So, you got a shiny new CRM for your sales team. Now, how do you get your team to actually use it?

In modern sales, CRMs have become less of a “nice to have” and more of a “necessity.” CRMs help to create better communication, increase productivity, and helps ensure important information doesn’t get lost in translation. They also empower leaders to analyze data and optimize their team for better performance.

All that said—getting your sales reps to adopt a new CRM is not easy. Whether they’re concerned about the learning curve, don’t know how to use it, or just plain don’t like change, there are many hurdles stopping your reps from embracing your new technology.

. . . And, the worst CRM is the one no one uses.

How can you motivate your field reps to embrace change and foster excitement about a new CRM? Follow these simple steps to help drive CRM adoption rates within your sales team and encourage your sales reps to make the most of your new technology.

1. Choose a CRM that works for your team

Many times, leaders will find that sales reps resist adopting a new CRM because of bad experiences in the past—either with the technology or with the transition.

For example, some field reps may worry about a drop in their sales if they spend too much time trying to implement or maintain their CRM.

To help curtail this problem and boost CRM adoption rates within your sales reps, you need to start thinking strategically at the very beginning: when choosing your CRM.

Not all CRMs are created equal. And, the fact of the matter is, the quality and fit of the CRM affects adoption rates. Or, said another way, your reps are more likely to take advantage of technology that’s easy to use.

To ensure that, look for CRMs that are industry-specific and mobile friendly.

Ensure your CRM is industry-specific

Not every industry will have a top-notch CRM custom made for its sales reps. However, most large industries do. Consider starting your search for the perfect CRM by running a simple Google search “top CRM for [your industry].”

Also, the MapMyCustomers team has done a lot of this work for you. Browse these articles to find industry-specific CRMs (as well as other sales tips).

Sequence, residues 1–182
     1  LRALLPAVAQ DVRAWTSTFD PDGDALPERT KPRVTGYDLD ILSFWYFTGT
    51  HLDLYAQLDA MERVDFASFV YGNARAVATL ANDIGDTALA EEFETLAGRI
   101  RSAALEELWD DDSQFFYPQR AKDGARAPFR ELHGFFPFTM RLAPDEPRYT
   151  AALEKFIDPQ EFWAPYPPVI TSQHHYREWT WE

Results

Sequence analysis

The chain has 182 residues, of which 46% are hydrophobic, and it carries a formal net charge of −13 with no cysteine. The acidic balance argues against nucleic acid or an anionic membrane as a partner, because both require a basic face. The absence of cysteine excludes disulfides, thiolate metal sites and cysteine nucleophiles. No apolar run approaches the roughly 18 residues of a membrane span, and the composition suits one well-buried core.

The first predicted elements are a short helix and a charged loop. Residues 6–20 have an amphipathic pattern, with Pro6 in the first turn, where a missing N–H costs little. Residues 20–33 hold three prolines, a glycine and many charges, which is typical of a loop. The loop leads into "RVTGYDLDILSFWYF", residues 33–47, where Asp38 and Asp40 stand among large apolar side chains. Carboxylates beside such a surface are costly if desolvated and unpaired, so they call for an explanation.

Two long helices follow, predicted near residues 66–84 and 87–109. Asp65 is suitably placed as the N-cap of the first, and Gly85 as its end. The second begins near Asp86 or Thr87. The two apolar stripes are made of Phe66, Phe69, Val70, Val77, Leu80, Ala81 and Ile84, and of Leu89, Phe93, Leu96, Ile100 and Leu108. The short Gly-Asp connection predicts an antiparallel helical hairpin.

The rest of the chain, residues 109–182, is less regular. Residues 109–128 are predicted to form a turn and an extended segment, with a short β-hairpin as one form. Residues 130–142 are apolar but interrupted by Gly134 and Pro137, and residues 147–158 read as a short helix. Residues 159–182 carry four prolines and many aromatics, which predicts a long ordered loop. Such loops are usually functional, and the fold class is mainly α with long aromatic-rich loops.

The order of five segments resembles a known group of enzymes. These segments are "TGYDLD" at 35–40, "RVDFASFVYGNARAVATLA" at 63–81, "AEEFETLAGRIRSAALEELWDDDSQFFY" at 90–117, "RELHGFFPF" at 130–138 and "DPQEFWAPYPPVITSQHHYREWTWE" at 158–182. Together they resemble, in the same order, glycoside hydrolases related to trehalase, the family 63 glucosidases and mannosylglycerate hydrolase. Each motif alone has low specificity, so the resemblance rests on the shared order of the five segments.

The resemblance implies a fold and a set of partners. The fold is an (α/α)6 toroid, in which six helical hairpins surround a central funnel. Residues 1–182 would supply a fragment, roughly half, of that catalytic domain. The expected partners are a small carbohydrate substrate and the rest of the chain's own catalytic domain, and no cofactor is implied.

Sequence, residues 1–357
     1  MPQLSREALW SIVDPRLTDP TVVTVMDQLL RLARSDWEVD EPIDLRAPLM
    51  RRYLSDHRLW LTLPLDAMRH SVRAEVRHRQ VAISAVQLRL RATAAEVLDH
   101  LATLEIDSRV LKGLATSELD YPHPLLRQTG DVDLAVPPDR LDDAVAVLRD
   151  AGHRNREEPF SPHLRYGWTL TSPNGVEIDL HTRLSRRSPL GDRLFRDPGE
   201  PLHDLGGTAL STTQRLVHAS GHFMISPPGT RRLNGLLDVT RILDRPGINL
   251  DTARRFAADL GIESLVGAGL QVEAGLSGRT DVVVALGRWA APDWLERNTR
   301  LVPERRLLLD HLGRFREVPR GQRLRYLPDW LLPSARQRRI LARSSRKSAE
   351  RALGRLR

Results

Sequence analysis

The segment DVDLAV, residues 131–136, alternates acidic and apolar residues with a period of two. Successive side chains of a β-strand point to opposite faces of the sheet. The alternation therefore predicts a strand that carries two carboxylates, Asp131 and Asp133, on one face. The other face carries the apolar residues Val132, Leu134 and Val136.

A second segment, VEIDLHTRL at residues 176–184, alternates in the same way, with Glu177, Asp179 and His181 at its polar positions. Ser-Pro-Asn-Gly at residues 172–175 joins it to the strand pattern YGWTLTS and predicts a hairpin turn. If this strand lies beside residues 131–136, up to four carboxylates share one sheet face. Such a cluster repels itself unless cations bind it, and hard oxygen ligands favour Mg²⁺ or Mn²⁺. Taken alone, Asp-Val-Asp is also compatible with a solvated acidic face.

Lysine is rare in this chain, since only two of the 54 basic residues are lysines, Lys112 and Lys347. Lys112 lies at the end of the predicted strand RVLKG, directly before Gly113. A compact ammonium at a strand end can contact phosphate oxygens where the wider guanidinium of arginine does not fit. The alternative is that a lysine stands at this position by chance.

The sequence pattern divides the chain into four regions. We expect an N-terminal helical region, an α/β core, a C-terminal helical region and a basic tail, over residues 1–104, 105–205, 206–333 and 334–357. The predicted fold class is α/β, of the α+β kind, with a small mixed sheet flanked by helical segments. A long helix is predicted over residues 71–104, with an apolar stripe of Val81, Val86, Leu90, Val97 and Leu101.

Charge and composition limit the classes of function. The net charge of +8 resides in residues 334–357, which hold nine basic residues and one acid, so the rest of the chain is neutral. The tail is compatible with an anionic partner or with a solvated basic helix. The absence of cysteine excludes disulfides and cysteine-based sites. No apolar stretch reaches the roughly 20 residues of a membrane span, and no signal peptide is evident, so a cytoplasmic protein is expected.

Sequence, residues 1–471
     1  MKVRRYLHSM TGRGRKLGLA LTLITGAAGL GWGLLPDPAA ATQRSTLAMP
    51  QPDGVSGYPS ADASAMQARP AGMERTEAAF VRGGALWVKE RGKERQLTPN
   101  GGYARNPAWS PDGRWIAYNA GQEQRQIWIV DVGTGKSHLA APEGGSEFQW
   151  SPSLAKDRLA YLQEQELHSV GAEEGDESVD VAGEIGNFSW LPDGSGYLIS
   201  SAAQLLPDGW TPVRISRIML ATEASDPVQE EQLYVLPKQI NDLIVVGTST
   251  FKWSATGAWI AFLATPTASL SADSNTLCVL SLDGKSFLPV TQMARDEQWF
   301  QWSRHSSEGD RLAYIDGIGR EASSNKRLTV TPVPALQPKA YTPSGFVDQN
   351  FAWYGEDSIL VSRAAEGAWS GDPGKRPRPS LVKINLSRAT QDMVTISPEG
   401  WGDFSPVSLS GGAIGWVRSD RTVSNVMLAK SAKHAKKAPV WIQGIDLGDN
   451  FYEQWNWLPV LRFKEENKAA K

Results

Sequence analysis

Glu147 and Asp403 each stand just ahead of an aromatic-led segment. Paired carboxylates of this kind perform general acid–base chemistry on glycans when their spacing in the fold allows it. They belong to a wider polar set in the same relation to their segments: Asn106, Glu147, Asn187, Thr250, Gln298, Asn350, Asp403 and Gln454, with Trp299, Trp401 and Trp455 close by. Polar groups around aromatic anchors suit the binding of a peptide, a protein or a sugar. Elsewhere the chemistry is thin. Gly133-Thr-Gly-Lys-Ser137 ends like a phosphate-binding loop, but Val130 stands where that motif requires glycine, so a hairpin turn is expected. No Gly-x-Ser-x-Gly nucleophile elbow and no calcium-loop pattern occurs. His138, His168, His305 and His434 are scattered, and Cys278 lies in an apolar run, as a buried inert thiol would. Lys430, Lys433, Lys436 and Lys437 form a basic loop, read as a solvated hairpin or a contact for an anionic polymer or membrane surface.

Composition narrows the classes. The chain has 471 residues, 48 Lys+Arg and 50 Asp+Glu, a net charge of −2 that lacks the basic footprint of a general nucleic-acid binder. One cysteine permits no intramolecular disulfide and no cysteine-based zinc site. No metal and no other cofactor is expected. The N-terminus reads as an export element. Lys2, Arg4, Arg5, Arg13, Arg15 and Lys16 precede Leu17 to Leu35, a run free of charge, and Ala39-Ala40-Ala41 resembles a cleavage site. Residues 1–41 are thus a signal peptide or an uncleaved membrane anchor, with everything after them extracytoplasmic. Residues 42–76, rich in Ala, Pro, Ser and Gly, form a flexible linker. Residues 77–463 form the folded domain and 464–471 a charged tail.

Ensure your CRM is mobile-friendly

The most important way to get your field reps to use CRM is by getting a CRM that works for them. A major deterrent for field reps using CRM is being chained to a desk.

Each hour they have to spend at a desk is valuable selling time lost. Sales reps only spend 36.6% of their time selling on average. They don’t want to waste any more time on technology when they could be out making sales.

The right CRM will allow your field reps to stay out in the field and work from wherever they are. They can enter the information on their mobile device so that it shares across all their devices on the cloud.

Your field reps won’t be discouraged from using CRM if they can bring it with them while they work. They’ll be more likely to use it if they don’t lose valuable time in the office when they could be in the field making sales.

Ensure your CRM is compatible with any other technology you use

If you aren’t planning to completely quit all your other technology, be sure that the CRM you choose has integrations with your other software.

For example, many CRMs will have integrations for lead enrichment or lead generation applications. If your team has had a lot of success with a particular application, be sure to choose a CRM that is compatible.

While it’s not necessarily a deal-breaker if the software doesn’t have integrations, it’s important to consider how this will affect your reps’ workflow. Will they have to enter a bunch of redundant information in separate applications? If so, you might want to look at other options.

2. Familiarize yourself with the psychology of change

Leaders will quickly discover that the primary struggle with getting sales reps to adopt a new CRM isn’t the learning curve itself—it’s resistance to change. So, it’s helpful to familiarize yourself with the psychology behind change to help ease the transition.

It’s human nature to resist change. And you are asking your reps to make a big change in their habits and day-to-day activities. This is important to acknowledge!